And it is through the diligence and generosity of a committed chain of willing interviewees and interviewers, producers, sponsors, funders and archivists that the taped conversations have stood the test of time.

Thought for a perfect winter afternoon:  Reserve time to browse the collection from the comfort of a favorite armchair, read the annotations, remember the personalities of the interviewers and the interviewees and the accomplishments of both. Slow down to appreciate the legacy captured in the conversations.  Then select one or two of the interviews, sit back, click on the “view” icon, remember, reflect and make a plan to read or  re-read the work of a favorite writer.

 

 

Deaf History Month – A Time and Tools to Explore 150 years of the Deaf Community in Mnnesota

Deaf History Month is like no other national celebration in many ways, including the fact that the month starts on March 13 and ends April 15, those dates being so important to Deaf history that the “deaf community has made an exception to the rule.”   I love it!

March 15 commemorates the 1988 victory of the ‘Deaf President Now’ movement when students at Gallaudet University in Washington, DC staged a protest demanding a deaf President for the University.  I. King Jordan was named President as a result of their demonstration.  The month ends on April 15, 1817, the day the American School for the Deaf in Hartford, CT, the first public school for the deaf, opened its doors.   Mid-month is the commemoration of the signing of the charter for Gallaudet University by President Lincoln in 1864.

Deaf History Month is unique in another way also.  The very existence of the celebration is a tribute to a single librarian, Alice Hagemeyer, who in 2006 led the campaign for the American Library Association and the National Association of the Deaf.  Lamenting the lack of services for the deaf and the deaf community’s disinterest in libraries, Hagemeyer pointed out that the ASL sign for public library isn’t city library but hearing library…..

 With a special nod to Alice Hagemeyer, this and future posts about Deaf History Month will had an admittedly librarian-biased cast.  The month offers a chance to explore some of the people, the stories and the resources of deaf, deafblind and hard of hearing Minnesotans.

In an October 2012 issue of Digital Delights, of Minnesota Reflections, Teika Pakalns offers n illuminating introduction to the deaf-related resources recently added to the Minnesota Digital Library.  “Until now,” she writes, “deaf, deafblind and hard of hearing Minnesotans have been all but invisible in the archives of Minnesota’s history.”  Digital technology and a partnership between the Minnesota Digital Library and the Commission of Deaf, DeafBlind and Hard of Hearing have changed everything.  Using digital technology the two organizations have taken on the task of opening the collections of Charles Thompson Memorial Hall, the Minnesota Association of Deaf Citizens, and the Minnesota Academy for the Deaf Alumni Association Museum.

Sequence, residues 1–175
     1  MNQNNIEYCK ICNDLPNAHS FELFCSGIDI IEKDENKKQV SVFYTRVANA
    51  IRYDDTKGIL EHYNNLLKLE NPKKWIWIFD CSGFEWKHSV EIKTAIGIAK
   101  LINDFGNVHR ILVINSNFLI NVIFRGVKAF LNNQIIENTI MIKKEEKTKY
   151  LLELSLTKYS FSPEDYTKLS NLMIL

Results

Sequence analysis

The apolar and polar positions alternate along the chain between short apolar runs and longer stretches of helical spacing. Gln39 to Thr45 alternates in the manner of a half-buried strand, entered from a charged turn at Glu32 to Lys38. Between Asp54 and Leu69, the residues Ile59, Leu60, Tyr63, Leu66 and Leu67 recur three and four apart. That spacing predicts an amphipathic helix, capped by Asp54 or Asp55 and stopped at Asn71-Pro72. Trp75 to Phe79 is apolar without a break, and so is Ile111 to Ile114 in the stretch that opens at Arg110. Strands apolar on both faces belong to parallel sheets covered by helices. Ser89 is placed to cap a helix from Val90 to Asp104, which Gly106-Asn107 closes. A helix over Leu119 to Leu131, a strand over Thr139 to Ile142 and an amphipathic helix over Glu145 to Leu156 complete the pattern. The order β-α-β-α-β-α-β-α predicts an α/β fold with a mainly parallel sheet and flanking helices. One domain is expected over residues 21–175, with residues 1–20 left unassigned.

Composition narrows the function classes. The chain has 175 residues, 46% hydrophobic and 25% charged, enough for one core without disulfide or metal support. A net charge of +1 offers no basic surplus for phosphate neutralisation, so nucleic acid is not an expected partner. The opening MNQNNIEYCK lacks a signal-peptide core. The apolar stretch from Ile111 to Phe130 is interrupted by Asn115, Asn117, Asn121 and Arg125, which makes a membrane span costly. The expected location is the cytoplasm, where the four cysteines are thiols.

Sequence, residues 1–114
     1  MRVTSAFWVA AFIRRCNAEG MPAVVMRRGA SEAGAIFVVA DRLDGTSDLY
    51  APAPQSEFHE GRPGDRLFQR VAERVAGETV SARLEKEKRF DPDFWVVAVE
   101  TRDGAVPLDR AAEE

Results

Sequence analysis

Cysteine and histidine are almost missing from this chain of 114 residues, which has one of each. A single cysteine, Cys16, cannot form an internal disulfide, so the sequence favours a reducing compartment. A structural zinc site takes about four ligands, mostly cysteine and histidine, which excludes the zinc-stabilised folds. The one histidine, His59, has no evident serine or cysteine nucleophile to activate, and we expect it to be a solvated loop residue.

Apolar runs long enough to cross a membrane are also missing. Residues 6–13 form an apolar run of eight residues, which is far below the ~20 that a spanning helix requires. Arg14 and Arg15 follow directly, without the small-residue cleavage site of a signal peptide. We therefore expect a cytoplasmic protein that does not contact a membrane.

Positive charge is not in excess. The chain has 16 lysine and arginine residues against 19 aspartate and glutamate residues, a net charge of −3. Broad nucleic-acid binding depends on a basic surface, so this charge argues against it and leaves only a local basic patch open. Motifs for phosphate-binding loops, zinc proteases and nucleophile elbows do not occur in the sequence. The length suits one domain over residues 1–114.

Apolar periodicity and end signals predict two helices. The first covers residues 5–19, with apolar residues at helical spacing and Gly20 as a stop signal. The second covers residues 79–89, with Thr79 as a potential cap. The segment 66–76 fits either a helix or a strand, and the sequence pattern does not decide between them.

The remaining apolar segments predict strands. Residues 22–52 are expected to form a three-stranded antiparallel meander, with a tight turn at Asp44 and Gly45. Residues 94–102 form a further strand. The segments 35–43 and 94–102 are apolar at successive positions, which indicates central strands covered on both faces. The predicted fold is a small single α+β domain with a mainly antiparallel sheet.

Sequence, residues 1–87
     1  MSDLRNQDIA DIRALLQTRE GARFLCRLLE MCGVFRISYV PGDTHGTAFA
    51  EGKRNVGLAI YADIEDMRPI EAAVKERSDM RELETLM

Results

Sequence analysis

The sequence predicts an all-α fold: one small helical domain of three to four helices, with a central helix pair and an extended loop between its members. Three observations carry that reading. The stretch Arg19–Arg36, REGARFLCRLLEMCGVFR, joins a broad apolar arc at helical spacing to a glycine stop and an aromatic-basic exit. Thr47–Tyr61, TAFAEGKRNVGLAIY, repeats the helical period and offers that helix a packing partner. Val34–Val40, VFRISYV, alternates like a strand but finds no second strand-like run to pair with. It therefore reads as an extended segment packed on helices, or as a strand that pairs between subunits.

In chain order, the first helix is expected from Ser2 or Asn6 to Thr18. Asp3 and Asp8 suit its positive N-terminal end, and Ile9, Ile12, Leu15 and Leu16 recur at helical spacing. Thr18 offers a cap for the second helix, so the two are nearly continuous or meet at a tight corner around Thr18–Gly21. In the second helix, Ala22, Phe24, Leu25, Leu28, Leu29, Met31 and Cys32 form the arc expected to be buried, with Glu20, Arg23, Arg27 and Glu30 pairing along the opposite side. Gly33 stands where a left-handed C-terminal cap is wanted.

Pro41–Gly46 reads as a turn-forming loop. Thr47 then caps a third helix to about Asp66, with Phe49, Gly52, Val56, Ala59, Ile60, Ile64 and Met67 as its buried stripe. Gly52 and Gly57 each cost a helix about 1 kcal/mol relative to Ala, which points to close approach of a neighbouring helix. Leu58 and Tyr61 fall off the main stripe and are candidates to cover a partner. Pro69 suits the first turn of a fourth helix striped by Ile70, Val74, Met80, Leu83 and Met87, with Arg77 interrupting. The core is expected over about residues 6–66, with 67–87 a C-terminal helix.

The history of the deaf community and services in Minnesota is rich with resources and great stories that are only now being told.  What is now opened to the public and to scholars is the rich story of the lives and accomplishments of the deaf community.

Of course deaf and hard of hearing people have always been involved in the history of the state.  Some wonderful legends, such as that of Oscar E. Garrison, the deaf man who founded Wayzata, have survived. The stories of other lives, contributions and impact are lost altogether.

Records in the Minnesota Digital Library actually begin with the opening of the present-day Minnesota State Academy for the Deaf.  Established in 1863 in a Faribault storefront it was soon moved to nearby Mott Hall, the start of today’s campus and the site of countless monumental events in the history of deaf education.  As just one example, Edward Miner Gallaudet and Alexander Graham Bell attended at least one national conference in Faribault.  There they discussed the advisability of employing deaf teachers to teach deaf students which, Pakalns notes, “became part of the oralism vs. manualism debate” that continues to this day.

In 1885 graduates of the Minnesota State Academy for the Deaf held their first reunion; they voted then to form an association that became the Minnesota Association of the Deaf (now the Minnesota Association of Deaf Citizens).  The records of the MADC are also in the digital library.  Pakalns cites many of the names to be found in those files, among them the name of Cadwallader Lincoln Washburn of the famed flour milling family  A graduate of the Academy for the Deaf Washburn went on to become a prominent artist renowned for his drypoint etchings